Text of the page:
At his death, George W. Chadwick was hailed by Olin Downes in the New York Times as "the dean of American composers"; for fifty years he had been a vital figure in American music life--active as conductor, organist, teacher, innovative Director of the New England Conservatory, and especially as a composer. Chadwick created a voluminous oeuvre in every medium, ranging far more widely in style and genre–from the most serious symphony to light-hearted comic opera–than any American composer of his day. A master orchestrator, some of his finest music is contained in roughly thirty orchestral compositions–overtures, tone-poems, symphonies, and suites. At the same time he was a superb composer of chamber music, as his five string quartets and piano quintet bear witness. Many of his songs, numbering over one hundred, appeared regularly on recitals, and his choral works were staples at the large choral festivals that dotted the landscape during the three or four decades before the First World War.
In the spring of 1877, Chadwick went to Leipzig, where he studied with Jadassohn, Richter, and Reinecke from late 1877 to the spring of 1879, while reveling in the musical life there–the concerts at the Gewandhaus (he heard the world premiere of Brahms's Violin Concerto) and the choral singing at the Thomasschule. Chadwick became the toast of the Leipzig Conservatory with a series of works written while he was there, his first two string quartets and the concert overture Rip Van Winkle, which was performed at the graduation exercises. For the academic year of 1879-1880 Chadwick went to Munich to study with Rheinberger. By the time he returned to Boston in the spring of 1880, he was welcomed as the composer of Rip Van Winkle, which had already been performed twice in the city. Chadwick remained one of the principal ornaments of Boston's musical life for the next half-century.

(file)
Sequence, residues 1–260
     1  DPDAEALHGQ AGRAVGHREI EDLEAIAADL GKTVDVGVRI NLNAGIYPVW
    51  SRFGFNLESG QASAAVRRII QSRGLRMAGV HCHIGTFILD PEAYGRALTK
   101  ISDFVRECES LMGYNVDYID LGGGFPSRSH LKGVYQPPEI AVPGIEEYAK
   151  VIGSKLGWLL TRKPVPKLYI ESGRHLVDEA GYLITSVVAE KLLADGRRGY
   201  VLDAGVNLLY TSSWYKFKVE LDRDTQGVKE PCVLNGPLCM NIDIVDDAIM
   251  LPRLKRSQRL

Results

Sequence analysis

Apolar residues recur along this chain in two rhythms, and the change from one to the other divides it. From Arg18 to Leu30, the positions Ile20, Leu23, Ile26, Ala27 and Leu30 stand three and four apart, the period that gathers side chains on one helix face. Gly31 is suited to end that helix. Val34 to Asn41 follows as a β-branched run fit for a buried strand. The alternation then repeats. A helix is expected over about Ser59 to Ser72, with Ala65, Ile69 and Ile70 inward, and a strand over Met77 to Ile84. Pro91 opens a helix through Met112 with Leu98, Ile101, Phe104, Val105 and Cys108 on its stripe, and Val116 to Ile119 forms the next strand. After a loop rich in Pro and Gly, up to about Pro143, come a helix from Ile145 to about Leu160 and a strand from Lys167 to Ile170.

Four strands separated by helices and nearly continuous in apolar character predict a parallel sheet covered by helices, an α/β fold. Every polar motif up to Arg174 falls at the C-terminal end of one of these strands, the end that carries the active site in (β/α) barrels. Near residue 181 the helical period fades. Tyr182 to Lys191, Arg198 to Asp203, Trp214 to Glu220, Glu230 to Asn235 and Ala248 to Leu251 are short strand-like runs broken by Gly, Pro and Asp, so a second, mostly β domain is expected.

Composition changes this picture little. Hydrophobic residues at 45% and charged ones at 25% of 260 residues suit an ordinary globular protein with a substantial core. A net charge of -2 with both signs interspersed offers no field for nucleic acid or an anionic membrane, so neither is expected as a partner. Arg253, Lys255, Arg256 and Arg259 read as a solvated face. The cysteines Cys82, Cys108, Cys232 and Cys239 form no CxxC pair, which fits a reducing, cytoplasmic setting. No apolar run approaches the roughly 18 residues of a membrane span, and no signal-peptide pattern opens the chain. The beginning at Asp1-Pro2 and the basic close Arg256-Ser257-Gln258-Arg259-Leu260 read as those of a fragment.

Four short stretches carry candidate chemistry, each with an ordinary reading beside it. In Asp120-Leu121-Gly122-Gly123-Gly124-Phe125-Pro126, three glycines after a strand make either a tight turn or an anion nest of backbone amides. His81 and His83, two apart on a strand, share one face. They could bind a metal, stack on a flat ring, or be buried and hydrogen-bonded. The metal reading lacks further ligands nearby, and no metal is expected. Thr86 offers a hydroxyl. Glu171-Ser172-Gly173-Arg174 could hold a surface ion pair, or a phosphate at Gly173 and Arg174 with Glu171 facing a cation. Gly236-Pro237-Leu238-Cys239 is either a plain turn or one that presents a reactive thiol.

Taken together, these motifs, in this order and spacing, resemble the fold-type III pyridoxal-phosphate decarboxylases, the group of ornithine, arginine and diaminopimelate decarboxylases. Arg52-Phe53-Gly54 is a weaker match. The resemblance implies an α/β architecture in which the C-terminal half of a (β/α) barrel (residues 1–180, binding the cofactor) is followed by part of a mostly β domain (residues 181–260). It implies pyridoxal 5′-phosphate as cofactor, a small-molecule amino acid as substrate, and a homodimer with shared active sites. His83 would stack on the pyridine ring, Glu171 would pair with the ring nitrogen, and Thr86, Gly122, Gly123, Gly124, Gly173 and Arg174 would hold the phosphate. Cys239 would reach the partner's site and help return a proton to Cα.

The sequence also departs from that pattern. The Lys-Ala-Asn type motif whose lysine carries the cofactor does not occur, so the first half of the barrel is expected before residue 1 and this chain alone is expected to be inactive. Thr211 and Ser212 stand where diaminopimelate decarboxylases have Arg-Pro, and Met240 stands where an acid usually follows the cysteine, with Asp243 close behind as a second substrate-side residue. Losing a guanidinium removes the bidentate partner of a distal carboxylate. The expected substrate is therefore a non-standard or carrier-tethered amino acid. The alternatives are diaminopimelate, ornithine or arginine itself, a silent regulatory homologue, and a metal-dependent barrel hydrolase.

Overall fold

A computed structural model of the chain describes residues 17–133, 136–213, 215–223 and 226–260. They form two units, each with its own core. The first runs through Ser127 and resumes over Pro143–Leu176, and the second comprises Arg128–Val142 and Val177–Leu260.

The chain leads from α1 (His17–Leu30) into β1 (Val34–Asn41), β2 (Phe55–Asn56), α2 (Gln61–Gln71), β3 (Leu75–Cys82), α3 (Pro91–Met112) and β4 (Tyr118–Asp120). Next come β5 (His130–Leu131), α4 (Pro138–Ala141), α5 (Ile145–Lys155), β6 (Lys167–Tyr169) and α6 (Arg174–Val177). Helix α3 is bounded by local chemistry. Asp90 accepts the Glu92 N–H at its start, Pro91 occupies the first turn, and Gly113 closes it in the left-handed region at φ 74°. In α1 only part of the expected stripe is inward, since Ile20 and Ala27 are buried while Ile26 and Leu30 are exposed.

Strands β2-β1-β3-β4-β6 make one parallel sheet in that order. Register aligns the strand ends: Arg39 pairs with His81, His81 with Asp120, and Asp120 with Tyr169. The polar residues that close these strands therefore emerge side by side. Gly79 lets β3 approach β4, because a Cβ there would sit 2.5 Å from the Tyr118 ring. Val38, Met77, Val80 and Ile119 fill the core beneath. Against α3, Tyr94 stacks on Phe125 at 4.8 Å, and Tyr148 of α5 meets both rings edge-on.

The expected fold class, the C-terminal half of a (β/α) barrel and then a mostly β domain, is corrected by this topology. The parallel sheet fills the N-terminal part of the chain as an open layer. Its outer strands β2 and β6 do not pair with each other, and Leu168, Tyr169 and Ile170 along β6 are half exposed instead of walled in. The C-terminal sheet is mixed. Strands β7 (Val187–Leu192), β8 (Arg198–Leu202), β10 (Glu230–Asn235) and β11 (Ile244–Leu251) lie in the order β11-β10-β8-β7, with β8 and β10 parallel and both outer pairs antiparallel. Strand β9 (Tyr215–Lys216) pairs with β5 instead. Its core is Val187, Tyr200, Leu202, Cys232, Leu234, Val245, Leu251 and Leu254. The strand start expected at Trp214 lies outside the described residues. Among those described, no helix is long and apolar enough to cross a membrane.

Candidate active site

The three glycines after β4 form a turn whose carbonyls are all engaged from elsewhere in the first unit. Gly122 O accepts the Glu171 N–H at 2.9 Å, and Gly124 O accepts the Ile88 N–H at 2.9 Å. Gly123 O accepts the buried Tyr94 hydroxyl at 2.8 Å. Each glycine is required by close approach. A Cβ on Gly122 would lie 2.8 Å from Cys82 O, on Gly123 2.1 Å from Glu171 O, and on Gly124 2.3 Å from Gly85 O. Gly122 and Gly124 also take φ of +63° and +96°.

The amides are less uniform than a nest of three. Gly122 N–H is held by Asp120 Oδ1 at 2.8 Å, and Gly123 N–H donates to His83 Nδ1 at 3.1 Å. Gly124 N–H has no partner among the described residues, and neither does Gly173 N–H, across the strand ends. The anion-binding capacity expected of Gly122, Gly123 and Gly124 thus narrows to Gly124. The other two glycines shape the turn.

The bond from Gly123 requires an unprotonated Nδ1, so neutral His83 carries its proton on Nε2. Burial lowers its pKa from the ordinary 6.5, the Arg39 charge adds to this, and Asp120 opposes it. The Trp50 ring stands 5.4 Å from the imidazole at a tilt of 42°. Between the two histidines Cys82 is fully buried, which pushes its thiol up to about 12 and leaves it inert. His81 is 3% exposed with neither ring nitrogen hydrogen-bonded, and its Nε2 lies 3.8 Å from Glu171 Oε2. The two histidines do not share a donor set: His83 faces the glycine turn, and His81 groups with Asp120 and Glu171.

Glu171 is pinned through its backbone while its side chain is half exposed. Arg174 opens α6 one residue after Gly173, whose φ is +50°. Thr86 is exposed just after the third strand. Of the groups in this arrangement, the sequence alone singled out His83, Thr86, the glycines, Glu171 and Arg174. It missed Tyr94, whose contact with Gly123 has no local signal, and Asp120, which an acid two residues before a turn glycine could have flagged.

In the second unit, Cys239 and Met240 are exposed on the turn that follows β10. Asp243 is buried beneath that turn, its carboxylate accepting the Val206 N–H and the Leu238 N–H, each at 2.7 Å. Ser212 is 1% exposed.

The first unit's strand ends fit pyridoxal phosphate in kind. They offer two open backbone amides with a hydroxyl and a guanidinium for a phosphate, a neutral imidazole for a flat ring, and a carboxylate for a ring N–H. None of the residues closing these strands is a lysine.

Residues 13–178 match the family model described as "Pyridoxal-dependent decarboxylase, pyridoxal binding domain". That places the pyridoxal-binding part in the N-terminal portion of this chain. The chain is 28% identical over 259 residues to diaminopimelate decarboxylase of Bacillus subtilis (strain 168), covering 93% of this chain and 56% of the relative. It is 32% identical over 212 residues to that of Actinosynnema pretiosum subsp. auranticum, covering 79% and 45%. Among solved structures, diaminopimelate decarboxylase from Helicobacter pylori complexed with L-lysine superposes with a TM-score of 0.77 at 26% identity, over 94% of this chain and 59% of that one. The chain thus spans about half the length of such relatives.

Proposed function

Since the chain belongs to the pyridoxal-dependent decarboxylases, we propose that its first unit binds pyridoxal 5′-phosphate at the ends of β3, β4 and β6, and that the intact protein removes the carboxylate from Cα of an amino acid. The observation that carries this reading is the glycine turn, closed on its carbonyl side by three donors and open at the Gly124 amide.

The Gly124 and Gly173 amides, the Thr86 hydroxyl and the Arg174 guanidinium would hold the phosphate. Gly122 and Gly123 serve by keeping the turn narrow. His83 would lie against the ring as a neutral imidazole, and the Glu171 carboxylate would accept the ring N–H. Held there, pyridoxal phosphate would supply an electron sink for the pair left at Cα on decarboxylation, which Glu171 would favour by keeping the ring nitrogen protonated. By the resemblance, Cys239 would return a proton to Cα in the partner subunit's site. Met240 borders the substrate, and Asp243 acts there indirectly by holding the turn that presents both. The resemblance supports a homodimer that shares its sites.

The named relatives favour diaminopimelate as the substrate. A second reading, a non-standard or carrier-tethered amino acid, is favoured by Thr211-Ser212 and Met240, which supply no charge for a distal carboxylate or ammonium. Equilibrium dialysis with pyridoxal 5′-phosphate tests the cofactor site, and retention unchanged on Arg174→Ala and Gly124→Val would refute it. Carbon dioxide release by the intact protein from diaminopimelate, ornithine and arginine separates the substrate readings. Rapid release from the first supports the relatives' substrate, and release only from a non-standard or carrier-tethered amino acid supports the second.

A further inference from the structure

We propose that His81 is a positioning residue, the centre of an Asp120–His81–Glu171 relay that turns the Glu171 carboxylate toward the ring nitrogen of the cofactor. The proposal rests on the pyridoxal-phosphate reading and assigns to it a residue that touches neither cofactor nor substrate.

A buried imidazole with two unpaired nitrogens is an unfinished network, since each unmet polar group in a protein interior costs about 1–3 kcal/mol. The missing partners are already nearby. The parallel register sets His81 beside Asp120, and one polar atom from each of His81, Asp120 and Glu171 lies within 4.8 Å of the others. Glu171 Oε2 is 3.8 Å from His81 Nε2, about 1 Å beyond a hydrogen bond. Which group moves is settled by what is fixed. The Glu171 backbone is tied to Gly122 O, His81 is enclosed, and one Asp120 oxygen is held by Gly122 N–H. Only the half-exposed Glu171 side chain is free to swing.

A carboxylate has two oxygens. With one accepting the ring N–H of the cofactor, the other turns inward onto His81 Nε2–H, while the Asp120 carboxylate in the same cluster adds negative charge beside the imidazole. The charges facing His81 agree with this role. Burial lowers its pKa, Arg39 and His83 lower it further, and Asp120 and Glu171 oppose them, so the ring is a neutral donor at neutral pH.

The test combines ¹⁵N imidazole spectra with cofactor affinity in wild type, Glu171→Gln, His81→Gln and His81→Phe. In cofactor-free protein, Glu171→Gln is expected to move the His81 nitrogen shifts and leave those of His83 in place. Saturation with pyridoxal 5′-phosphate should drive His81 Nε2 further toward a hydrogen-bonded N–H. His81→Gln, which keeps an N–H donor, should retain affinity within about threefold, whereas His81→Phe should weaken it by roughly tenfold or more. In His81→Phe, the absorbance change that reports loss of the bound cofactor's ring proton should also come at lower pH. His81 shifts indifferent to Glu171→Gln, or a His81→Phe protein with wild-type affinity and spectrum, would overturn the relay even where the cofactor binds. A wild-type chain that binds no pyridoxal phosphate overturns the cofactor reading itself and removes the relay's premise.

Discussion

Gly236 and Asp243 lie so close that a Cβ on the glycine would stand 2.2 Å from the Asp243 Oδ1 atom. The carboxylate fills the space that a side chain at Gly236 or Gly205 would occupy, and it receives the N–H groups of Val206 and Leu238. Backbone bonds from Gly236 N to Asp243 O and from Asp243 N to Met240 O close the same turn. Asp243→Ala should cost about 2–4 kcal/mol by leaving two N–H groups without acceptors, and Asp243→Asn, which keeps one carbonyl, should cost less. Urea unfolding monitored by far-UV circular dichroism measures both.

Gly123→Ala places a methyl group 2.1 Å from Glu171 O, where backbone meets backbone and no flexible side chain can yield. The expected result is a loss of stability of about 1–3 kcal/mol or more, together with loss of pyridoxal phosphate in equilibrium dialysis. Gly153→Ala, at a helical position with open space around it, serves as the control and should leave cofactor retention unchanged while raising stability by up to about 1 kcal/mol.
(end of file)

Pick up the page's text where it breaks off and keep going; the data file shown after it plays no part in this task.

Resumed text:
Already hailed as a composer on the moment of his return from Germany, Chadwick was active also as an organist, teacher, and conductor. He directed the Springfield Festival and the Worcester Festival for a number of years, and from 1897 became the dynamic and innovative Director of the New England Conservatory, a position he retained until shortly before his death on April 4, 1931.
By the time of his death Chadwick felt himself out of step with the musical world. Popular music had changed drastically with the ragtime craze and the development of jazz. The musical theater had abandoned the operetta style, designed for trained singers, in favor of the new musical comedy conceived for comics who could carry a tune and dance. The opera houses paid little attention to Americans. American orchestras remained in the hands of foreign conductors, and even though a few of them–like Serge Koussevitzky in Boston–expressed an interest in American music, they did it by means of a new generation of composers, among them Aaron Copland, who seemed to Chadwick to deny many of the musical verities by which he had lived. In recent years, though, as the musico-political battles of past generations recede, Chadwick's music is starting to be performed and recorded again, allowing us to hear the work of a gifted composer who sought to blend the elements that had attracted him to symphonic writing–high seriousness and sense of purpose combined with the luxuriance of rich orchestral sound–with elements that declared his allegiance as an American: energy and high spirits, love of a good tune, a sense of humor, and a jaunty Yankee feeling of (in the words of Olin Downes) "snapping his fingers at the universe."
Any American composer who desired to write a symphony in the closing decades of the nineteenth century confronted a dilemma: the models of procedure all came from German and Austrian composers, Beethoven above all and, of the later composers, Brahms. The kinds of musical themes, the architectonic structure, the elevated and abstract nature of the musical discourse all came from the repertory performed by symphony orchestras, and whether those orchestras were in Vienna or Berlin, London, New York, or Boston, the repertory was largely German.